The UK has a large backlog of missing transport capacity to catch up with. Labour cut the roads programme heavily on assuming office in 1997, and cut the total capital investment programme more in response to the 2008 banking crash. The Coalition made slow progress in reinstating the capital cuts.
The last government did concentrate on several very large schemes. It largely completed Crossrail in London, which had been planned under its Labour predecessor. It backed HS2, an expensive project to install a new London to the north route. It made early moves in favour of Crossrail 2. It was almost ready to make up its mind on new airport capacity, but the politics of the Mayoral election in London followed by the referendum vote dealt a body blow to good intentions to make a decision. It delivered the Olympics projects, continued with various public sector led schemes in the North, and began the conversion of hard shoulders into running lanes on busy motorways.
So what should the new government do? It needs to up the pace and scale of its response to the chronic lack of commuter rail capacity and main road space. It needs to review road junctions and railway crossing points, to improve safety and cut congestion.
Commuter capacity into and out of the main cities should be a railway priority. Removing bottlenecks on tracks, providing more track bypasses to allow more fast trains to intersperse the rush hour stoppers, taking out level crossings and other hazards, extending train lengths and platforms, improving braking and cutting train weight to improve acceleration and stopping times could all add substantially in total to commuter capacity.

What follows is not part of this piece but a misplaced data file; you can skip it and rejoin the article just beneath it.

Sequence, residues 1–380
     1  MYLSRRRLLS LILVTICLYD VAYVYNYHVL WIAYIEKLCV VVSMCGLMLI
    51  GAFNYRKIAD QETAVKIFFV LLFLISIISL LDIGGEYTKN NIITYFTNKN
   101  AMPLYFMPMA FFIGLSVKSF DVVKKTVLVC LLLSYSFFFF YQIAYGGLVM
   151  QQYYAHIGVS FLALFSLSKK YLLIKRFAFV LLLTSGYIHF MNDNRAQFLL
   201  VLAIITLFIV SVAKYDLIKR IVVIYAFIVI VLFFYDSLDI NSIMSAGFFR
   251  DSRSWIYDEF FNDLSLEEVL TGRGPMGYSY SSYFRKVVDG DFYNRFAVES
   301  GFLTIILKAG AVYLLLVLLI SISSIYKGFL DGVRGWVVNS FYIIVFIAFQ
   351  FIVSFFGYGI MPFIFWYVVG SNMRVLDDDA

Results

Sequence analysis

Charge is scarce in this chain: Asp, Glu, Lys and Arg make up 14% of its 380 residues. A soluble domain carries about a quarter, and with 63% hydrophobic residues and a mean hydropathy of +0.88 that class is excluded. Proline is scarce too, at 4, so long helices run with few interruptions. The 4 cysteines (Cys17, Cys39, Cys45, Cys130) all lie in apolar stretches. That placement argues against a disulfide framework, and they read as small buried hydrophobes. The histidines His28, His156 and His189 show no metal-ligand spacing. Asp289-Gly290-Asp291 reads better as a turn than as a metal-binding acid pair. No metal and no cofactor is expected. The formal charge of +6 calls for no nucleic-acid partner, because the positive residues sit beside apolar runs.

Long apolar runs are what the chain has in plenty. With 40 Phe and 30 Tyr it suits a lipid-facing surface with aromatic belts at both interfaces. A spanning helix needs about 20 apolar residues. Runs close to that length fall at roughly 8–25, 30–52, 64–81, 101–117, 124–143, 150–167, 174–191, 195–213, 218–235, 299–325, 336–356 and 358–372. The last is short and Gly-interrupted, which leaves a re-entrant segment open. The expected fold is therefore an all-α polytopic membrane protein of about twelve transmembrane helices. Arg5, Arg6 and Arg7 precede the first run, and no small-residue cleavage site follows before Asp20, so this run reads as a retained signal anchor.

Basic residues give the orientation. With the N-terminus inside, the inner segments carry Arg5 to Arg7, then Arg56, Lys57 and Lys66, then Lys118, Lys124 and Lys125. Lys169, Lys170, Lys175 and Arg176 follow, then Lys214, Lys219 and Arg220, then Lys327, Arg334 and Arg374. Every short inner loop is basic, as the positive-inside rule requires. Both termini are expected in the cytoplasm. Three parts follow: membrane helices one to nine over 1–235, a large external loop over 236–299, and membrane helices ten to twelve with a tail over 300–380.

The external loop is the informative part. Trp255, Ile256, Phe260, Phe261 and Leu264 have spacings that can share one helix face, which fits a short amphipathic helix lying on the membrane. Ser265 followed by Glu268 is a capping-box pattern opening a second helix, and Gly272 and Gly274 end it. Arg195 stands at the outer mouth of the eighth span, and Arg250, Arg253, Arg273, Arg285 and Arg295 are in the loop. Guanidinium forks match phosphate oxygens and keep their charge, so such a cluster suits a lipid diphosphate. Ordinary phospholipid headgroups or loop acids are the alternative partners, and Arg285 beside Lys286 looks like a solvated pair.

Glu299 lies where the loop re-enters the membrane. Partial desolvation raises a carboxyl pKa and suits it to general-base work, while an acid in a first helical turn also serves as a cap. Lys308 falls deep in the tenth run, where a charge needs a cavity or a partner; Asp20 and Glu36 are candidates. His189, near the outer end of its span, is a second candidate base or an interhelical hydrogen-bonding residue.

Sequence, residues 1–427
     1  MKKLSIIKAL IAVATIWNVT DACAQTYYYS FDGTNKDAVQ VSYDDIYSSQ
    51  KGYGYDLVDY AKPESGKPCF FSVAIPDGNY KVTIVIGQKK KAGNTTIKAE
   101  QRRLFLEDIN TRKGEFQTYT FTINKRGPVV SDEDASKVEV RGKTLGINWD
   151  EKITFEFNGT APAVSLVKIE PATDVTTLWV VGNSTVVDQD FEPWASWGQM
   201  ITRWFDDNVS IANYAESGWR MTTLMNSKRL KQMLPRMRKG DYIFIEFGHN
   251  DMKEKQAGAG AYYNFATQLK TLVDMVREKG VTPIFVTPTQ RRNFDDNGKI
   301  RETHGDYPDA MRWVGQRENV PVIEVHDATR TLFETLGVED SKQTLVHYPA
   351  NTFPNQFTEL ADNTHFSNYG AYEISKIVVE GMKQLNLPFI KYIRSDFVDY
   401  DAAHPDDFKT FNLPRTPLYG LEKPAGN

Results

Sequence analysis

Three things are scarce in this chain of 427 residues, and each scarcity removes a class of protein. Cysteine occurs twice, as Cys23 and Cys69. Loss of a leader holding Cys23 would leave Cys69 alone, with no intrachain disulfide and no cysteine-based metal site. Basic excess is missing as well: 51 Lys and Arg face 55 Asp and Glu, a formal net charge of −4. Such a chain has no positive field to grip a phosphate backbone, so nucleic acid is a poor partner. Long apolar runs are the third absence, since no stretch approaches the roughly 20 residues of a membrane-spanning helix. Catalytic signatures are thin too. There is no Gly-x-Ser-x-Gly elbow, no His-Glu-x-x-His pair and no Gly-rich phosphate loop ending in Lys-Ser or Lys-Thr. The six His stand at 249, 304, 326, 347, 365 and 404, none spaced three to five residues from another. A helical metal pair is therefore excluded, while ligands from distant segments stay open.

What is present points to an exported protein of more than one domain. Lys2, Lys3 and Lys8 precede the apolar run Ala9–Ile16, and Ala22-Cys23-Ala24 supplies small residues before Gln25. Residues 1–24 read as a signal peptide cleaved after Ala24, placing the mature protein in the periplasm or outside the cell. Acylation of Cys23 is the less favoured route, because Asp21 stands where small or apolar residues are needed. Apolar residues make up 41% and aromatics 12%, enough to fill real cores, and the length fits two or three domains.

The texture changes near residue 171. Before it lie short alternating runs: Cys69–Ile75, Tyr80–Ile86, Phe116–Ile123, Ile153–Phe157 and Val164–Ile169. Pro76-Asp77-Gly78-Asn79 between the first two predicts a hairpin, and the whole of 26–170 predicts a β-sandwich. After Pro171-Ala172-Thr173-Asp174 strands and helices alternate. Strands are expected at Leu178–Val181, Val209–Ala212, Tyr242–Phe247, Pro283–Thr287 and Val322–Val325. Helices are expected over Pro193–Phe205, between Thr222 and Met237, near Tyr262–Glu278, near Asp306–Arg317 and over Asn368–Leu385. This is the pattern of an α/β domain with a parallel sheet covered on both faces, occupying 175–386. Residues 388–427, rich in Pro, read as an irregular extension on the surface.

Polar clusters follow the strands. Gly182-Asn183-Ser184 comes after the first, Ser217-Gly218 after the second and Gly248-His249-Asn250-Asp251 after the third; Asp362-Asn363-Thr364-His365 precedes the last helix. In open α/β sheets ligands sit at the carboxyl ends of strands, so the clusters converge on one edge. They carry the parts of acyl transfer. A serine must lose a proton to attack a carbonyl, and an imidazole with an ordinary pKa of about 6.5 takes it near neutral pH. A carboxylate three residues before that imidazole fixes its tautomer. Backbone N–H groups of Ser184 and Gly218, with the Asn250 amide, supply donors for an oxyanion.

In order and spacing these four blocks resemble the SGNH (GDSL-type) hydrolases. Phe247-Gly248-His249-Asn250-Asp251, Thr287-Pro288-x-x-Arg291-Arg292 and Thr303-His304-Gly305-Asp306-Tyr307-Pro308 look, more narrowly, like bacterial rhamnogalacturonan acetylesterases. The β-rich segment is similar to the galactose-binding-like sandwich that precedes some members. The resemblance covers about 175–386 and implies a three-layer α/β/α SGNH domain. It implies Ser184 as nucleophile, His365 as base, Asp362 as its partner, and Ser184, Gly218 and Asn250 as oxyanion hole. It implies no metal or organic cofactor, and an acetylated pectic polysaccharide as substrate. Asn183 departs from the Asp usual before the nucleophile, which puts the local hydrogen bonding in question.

So should more freight train activity be a priority. That requires more single waggon marshalling and more branch lines and sidings in modern industrial parks. It also needs more track capacity. Improved signalling throughput the network can assist in providing more freight and commuter capacity.
On the existing A and B road network the government needs to work with Councils and provide more money for improved junctions. More segregation of right turning traffic and of cycles can improve safety and speeds through junctions. Switching more traffic lights to roundabouts can also assist flows.